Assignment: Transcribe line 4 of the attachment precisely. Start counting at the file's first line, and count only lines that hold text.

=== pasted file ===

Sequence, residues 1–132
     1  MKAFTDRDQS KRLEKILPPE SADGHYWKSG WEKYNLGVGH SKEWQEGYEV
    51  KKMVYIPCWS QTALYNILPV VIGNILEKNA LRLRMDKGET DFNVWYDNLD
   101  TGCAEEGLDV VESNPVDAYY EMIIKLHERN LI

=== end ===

   101  TGCAEEGLDV VESNPVDAYY EMIIKLHERN LI